There is a long and proud history of peaceful protests in the United States, but the violence that has occurred in states and cities recently across the country tells a different story. Some of this may be the result of the World Trade Organization (WTO) riots in Seattle, Washington, also known as the Battle for Seattle, which, in many ways, changed how many protests occur.
In 1999, the WTO was coming to Seattle to hold some initial discussions about trade in the new Millennium. Tens of thousands of protestors came in response, and the city descended into violence for days with a curfew and the National Guard being called in.
According to the Seattle Post-Intelligencer, “As soon as they announced Seattle’s selection, activists began planning a counter-protest. Organizers across various factions and interests coordinated efforts to block access to the buildings themselves. Civil disobedience was the name of the game, complete with time-honored Northwest protest tactics (devices to fasten people together to make them harder to remove) and performance art.”
For days, the news coverage, especially locally, was filled with scenes of violent clashes between police officers and protestors. The situation got so out of hand that the city was forced to issue an emergency order calling for peace.
The demonstrations and rioting were marginally successful at delaying the meetings, but it also signified a change in how protests would occur in the future. Instead of trying to enact change through peaceful demonstrations, many have been coopted by anarchists and have become increasingly violent.
Black bloc, which originated in Europe, is a tactic where a group of protestors wear black clothing and face coverings, like masks, sunglasses, helmets and other face-concealing and face-protecting gear, in order to conceal their identity and hinder criminal investigation. These people, mostly anarchists, then go on to damage property.
Though seen in an earlier demonstration in the 1980s, the WTO riots is where it was used en masse for the first time in the United States. This black bloc in Seattle damaged a Starbucks, GAP, Old Navy and other retail establishments, inciting fear within the local community.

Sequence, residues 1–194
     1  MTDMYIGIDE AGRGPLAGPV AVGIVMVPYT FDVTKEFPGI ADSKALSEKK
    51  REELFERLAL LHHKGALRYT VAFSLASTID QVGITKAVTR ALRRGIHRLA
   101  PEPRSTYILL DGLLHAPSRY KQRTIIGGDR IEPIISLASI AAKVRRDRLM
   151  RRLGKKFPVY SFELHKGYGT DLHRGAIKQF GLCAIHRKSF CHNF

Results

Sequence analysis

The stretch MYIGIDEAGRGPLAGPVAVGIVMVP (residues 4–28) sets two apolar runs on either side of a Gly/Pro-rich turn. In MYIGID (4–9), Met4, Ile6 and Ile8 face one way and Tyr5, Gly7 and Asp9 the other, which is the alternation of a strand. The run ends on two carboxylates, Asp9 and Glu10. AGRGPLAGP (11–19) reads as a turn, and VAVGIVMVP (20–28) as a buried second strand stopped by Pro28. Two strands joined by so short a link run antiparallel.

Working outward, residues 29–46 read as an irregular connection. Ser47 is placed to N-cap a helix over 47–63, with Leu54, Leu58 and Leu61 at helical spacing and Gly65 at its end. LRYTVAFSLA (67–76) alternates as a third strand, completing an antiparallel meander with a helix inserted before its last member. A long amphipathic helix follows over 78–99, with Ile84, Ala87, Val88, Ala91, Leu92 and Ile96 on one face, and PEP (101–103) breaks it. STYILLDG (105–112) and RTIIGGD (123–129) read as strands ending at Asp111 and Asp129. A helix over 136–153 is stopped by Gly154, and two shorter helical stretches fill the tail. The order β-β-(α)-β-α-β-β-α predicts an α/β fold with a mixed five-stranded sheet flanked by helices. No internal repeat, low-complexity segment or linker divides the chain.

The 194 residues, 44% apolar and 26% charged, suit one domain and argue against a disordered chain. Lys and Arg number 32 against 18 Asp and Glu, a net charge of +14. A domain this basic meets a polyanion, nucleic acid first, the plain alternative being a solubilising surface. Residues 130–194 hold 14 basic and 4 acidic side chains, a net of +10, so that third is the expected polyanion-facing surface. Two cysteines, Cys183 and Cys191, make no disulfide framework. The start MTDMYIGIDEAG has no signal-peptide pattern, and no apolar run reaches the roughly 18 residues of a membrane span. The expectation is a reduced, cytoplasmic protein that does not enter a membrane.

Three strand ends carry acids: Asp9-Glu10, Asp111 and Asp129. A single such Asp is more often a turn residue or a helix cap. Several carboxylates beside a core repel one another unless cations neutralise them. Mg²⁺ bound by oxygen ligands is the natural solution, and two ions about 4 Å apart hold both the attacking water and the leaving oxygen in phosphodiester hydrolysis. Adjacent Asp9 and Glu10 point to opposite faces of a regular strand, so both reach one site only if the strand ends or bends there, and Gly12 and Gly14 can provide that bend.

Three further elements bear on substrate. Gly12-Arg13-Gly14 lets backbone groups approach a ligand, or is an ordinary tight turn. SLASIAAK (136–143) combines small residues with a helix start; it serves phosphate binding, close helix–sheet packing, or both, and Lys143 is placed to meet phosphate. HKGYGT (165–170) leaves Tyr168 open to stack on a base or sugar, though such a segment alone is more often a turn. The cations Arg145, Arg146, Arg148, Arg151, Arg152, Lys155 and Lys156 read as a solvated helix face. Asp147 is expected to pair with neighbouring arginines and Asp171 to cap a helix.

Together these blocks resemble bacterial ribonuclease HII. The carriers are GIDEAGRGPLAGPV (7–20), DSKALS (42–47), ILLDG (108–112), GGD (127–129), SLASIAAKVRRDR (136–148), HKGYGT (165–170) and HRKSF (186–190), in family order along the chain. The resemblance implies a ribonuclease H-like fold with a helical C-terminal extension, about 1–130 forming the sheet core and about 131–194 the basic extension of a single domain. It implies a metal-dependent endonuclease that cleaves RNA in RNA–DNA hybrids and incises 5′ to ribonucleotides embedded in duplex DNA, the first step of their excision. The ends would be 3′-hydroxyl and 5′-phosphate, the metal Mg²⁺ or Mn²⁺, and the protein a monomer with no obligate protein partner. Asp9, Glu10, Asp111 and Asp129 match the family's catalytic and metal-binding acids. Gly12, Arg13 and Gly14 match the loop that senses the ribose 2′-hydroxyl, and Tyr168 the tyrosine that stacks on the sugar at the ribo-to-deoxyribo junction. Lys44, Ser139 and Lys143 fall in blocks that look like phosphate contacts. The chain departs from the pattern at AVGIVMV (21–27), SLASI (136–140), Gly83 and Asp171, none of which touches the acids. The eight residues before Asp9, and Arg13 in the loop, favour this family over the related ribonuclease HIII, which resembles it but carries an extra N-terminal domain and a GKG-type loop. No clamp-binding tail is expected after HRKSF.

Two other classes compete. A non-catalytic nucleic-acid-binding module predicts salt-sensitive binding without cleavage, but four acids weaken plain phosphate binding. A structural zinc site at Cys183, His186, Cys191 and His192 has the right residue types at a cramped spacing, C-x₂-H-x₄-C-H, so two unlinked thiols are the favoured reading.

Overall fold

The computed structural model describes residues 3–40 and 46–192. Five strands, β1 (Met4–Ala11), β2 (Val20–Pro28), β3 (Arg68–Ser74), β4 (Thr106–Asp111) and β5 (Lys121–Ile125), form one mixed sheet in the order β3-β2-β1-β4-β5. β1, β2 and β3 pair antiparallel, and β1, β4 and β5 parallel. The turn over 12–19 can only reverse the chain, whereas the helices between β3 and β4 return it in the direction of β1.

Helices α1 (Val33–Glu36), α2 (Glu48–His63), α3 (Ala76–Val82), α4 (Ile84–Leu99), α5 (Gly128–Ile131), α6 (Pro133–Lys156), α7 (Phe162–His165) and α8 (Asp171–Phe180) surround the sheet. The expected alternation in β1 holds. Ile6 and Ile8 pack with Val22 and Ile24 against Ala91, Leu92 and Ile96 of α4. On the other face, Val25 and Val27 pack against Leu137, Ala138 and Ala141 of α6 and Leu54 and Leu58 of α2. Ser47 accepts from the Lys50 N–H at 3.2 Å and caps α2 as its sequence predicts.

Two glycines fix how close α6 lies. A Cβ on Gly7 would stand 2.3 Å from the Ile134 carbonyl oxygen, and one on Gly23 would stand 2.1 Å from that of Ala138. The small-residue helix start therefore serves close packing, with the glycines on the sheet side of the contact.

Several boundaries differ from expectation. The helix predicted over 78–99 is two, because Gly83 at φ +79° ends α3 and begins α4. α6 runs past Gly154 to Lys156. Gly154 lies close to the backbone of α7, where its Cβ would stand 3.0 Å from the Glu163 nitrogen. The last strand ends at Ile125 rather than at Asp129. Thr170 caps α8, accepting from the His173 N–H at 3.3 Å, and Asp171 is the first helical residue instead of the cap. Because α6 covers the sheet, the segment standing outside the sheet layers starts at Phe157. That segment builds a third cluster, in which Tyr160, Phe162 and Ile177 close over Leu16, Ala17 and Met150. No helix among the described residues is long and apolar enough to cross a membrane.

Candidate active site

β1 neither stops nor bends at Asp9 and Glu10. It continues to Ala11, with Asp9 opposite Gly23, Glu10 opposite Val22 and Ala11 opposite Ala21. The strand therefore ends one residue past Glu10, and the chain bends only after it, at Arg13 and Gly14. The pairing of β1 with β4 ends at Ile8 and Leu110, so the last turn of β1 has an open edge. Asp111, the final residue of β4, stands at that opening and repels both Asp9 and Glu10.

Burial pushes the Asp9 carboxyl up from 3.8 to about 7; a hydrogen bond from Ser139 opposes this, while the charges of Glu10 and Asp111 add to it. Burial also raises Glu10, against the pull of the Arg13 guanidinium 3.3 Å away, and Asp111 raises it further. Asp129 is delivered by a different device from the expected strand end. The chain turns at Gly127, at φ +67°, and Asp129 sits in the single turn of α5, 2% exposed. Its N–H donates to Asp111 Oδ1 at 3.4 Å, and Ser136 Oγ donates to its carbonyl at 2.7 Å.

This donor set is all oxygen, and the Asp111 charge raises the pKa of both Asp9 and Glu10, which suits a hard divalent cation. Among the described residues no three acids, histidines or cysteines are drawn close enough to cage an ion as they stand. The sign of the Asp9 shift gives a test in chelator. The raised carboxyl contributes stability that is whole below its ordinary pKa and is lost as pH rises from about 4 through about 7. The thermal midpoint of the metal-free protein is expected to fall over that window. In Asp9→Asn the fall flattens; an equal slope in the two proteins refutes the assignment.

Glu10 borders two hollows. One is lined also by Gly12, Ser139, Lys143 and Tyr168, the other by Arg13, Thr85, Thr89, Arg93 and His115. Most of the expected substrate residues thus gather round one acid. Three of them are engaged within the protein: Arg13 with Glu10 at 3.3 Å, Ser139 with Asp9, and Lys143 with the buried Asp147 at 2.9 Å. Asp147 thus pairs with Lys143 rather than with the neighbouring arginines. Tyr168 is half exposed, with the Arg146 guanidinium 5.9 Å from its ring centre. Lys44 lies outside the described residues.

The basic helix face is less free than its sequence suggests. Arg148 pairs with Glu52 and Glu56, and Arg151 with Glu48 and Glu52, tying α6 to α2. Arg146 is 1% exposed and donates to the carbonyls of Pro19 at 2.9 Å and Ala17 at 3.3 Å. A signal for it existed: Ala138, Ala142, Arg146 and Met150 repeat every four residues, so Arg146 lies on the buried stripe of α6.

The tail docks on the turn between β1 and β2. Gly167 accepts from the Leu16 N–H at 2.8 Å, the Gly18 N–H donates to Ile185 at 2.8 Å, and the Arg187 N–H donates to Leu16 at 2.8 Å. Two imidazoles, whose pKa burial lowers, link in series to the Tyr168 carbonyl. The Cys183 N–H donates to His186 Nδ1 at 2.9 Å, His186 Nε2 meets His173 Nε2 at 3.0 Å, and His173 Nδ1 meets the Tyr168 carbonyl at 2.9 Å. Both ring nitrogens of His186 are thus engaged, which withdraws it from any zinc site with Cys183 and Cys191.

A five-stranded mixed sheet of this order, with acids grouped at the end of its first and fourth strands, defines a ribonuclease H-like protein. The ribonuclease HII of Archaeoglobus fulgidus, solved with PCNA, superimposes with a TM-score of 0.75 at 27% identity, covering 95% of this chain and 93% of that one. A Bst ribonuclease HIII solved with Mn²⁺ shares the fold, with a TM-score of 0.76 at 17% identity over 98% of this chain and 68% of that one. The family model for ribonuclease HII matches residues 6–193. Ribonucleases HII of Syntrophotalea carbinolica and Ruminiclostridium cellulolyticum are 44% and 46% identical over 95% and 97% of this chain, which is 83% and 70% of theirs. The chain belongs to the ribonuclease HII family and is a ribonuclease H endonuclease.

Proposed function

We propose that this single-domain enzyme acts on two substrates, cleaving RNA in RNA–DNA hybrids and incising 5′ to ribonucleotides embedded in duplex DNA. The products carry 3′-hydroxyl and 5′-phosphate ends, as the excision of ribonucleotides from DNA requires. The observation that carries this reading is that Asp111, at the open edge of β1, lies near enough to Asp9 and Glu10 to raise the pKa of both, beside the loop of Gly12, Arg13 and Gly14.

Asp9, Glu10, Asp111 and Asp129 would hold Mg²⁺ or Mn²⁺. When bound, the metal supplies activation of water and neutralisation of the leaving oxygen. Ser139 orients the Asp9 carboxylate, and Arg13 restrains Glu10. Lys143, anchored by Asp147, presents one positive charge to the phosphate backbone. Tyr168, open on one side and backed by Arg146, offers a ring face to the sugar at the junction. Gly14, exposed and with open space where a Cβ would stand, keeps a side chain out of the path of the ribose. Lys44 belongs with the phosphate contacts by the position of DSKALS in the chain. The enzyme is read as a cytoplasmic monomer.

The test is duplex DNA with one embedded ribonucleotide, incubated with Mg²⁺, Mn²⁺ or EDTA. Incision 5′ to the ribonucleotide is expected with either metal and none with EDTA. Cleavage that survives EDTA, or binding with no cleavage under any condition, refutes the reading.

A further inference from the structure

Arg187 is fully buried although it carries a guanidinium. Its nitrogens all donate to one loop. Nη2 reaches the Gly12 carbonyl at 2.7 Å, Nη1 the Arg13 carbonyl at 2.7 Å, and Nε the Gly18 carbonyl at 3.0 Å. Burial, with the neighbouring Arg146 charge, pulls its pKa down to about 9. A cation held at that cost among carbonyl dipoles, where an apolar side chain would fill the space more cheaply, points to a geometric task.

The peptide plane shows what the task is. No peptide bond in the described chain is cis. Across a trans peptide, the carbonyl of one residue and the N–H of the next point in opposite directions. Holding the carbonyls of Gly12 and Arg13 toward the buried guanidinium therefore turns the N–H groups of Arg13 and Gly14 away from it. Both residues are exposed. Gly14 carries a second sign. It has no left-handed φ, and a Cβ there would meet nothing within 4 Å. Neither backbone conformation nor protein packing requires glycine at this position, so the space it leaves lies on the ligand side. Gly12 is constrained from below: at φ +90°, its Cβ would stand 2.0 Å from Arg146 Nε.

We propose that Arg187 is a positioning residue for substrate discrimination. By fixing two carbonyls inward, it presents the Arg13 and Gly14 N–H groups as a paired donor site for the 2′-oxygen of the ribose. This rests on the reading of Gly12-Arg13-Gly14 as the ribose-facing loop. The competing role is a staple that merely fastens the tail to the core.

As a nation, we’ve witnessed? this activity many, many times since—examples include Washington D.C. after Donald Trump’s inauguration and in February 2016 when Milo Yiannopoulos was asked to speak at the University of California, Berkeley.
Antifa also uses the same tactics.
Over the last two weeks, individuals who believe in this black bloc tactic have sometimes overtaken the peaceful protests of those who are outraged over the death of George Floyd to damage and destroy property. The violence and chaos it unleashed will likely bring about little change but fuels the anarchists’ propaganda.
Ironically, Seattle again is struggling with anarchy in the face of the protests.
Recently, protestors have taken over a couple of blocks in the Capitol Hill neighborhood, in the Eastern part of the city, calling it the Capitol Hill Autonomous Zone. These people put up barricades and are using armed guards in order to determine who gets in or out. It seems like in this instance, as in 1999, the city has completely lost control and the anarchists are winning.
The WTO riots have left a lasting legacy on the country. Every protest that occurs, no matter what the issue, seems to get more and more out of hand as Antifa and those utilizing black bloc tactics infiltrate what would otherwise be a peaceful movement.
Photo courtesy of the Seattle Municipal Archives #175645